1. ... he died and then her husband - she is believed (and is permitted to perform Yibum), because she corroborates the Chazakah.
2. ... her husband had died, and then, her son - she is not believed, though she does have to perform Chalitzah.
(c) If she testifies that her mother-in-law bore a son (a Yavam) overseas, and that ...
1. ... her husband died first and then her son - she is believed, because of the principle 'ha'Peh she'Asar Hu ha'Peh she'Hitir' (in the same statement as she forbade, she permitted), and she is merely corroborating her original Chazakah.
2. ... her son died first and then her husband - she is also believed.
(a) A woman is not believed to testify that her Yavam died, so that she may marry le'Shuk, or that her sister died so that she may marry her husband.

(b) Nor is a man believed to testify that his brother died so that he may perform Yibum with his wife, or that his wife died so that he may marry her sister.

(a) A man cannot normally appoint a Sh'li'ach le'Kabalah - because the moment the Sh'li'ach le'Kabalah (who acts on behalf of the woman) receives the Get, she is divorced, even though she is not present, and seeing as a Get is normally to the woman's disadvantage (because she loses various monetary benefits), we apply the principle 'Ein Chavin le'Adam Ela be'Fanav'.

(b) Rava asked Rav Nachman whether, if a man who had a brother, appointed a Sh'li'ach le'Kabalah, the Get would be valid. It might be ...

1. ... valid - because of the strong likelihood of her disliking the Yavam.
2. ... invalid - because sometimes, she is fond of him.
(c) By giving her a Get through a Sh'li'ach le'Kabalah - she will be divorced immediately (as we explained earlier), in which case, should her husband die (a fact which he is clearly anticipating), she will be spared having to perform Yibum.
(a) Rav Nachman answered him from our Mishnah. He proves from the Mishnah where, when she left ...
1. ... with a child, the Tana said 'Choletzes' and not 'Tinasei' - that, when she obligates herself to perform Yibum, we do not take for granted that she is lying, because she is fond of the Yavam.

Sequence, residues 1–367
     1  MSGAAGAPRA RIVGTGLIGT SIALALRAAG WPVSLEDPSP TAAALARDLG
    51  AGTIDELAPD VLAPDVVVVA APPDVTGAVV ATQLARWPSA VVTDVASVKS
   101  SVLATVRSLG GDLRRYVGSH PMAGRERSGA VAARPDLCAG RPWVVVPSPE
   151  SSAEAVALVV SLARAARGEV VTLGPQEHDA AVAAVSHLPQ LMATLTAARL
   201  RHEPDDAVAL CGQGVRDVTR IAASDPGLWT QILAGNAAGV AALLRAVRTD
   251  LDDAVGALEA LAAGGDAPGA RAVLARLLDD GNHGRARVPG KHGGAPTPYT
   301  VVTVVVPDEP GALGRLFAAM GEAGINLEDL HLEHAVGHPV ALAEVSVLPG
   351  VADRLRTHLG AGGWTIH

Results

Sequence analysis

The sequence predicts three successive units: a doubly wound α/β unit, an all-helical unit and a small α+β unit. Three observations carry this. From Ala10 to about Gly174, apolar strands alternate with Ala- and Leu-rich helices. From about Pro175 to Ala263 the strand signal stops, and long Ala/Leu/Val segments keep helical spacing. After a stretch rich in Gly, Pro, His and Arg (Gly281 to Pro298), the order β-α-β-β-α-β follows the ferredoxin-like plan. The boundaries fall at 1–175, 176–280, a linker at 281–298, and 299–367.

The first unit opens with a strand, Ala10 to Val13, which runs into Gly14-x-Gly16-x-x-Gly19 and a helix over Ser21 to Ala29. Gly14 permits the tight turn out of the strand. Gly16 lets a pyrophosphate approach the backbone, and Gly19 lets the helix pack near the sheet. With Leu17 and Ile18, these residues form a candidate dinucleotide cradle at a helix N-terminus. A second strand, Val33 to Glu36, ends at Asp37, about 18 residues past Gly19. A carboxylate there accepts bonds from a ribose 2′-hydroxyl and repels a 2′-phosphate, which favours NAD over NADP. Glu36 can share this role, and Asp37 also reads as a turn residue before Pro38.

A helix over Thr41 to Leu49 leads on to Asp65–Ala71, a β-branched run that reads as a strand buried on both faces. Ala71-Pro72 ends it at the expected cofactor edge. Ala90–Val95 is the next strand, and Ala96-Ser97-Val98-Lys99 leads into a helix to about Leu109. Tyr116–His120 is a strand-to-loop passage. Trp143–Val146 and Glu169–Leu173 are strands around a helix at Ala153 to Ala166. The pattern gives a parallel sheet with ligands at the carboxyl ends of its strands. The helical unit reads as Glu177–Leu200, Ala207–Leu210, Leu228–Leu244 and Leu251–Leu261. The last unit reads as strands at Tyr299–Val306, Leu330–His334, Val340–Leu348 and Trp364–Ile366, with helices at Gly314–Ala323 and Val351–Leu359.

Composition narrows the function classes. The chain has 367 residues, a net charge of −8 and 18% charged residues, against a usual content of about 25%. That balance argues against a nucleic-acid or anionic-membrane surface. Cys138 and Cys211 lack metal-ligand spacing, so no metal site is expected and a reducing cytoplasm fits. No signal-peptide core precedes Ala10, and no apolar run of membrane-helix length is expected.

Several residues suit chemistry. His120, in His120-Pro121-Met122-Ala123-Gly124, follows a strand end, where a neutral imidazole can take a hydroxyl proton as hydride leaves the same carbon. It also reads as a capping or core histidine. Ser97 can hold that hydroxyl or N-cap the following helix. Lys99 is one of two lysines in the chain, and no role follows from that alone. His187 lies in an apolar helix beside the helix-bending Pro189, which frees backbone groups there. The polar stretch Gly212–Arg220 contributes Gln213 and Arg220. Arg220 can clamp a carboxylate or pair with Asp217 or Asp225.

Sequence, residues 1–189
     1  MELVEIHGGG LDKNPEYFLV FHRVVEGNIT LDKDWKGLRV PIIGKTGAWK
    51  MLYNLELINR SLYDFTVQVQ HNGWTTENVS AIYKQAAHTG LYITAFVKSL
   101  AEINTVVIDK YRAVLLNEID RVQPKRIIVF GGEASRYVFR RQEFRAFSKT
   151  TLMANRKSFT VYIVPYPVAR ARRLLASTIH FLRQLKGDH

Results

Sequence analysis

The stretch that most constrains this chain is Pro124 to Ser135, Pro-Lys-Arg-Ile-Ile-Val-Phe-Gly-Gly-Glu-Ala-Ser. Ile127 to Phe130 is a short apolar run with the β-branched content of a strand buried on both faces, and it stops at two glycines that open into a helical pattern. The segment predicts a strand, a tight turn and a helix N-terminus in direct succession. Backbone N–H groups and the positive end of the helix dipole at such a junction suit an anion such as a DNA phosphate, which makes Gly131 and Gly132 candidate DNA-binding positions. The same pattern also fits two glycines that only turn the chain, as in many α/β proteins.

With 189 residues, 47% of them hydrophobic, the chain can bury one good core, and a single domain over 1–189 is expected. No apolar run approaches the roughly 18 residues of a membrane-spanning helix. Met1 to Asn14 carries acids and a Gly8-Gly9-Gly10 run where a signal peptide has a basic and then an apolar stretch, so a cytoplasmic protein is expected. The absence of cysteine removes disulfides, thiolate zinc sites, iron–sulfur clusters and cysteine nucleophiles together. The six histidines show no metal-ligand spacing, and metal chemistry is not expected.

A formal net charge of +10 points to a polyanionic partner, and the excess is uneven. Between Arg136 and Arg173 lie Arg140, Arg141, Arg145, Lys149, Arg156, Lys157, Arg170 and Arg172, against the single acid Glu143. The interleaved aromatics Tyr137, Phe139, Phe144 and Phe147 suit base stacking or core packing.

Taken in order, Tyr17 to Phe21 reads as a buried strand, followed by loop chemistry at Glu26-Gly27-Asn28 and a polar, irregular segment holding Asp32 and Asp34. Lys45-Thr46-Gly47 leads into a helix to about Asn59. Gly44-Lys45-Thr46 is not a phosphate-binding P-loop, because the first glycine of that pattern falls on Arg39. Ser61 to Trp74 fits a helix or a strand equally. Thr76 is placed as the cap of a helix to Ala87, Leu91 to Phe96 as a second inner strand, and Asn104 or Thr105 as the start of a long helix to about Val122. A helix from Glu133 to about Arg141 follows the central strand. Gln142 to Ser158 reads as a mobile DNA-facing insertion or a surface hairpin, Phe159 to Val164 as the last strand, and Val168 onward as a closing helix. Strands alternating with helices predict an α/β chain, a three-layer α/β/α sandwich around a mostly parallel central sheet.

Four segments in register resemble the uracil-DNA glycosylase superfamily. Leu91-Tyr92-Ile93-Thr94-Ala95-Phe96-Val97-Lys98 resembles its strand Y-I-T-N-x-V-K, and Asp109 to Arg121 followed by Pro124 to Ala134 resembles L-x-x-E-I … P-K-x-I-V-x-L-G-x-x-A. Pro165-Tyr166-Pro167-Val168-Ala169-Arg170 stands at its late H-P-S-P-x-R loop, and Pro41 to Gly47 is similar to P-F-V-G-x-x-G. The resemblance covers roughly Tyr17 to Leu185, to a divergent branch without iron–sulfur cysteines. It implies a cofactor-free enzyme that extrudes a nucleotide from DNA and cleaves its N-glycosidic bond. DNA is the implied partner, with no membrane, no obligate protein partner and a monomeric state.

2. ... without a child, he said 'Choletzes' and not 'Tisyabem' - that, when she exempts herself from Yibum, we do not take for granted that she is lying, because she dislikes him.
(b) Based on these two rulings, Rav Nachman resolved Rava's She'eilah (with regard to a man who has a brother, who appoints a Sh'li'ach le'Kabalah and dies) - by ruling that, here too, she requires Chalitzah (because it is neither certain that it is to her advantage nor that it is to her disadvantage).

(c) When Ravina asked Rava whether, if a man who is currently quarreling with his wife, appoints a Sh'li'ach le'Kabalah, it is considered to her advantage or to her disadvantage, Rav Nachman replied with a principle from Resh Lakish - that a woman will do anything to avoid remaining single and get married.

(d) Abaye says that a woman whose husband is as small as an ant, proudly places her seat among the marrieds.

(a) Rav Papa says in this regard - that if a man whose profession is combing wool calls a woman to come and sit at his gate, she will (because she wants to get married at all costs).

(b) Rav Ashi says in this regard - that she will even marry a man whose family is stigmatized, just in order to be married, and she will not even ask him for a lentils.

(c)The last word however, goes to the Tana of the Beraisa. He says - that a woman who marries any of the above will commit adultery, whilst insisting that her children are her husband's.

***** Hadran Alach ha'Ishah Shalom *****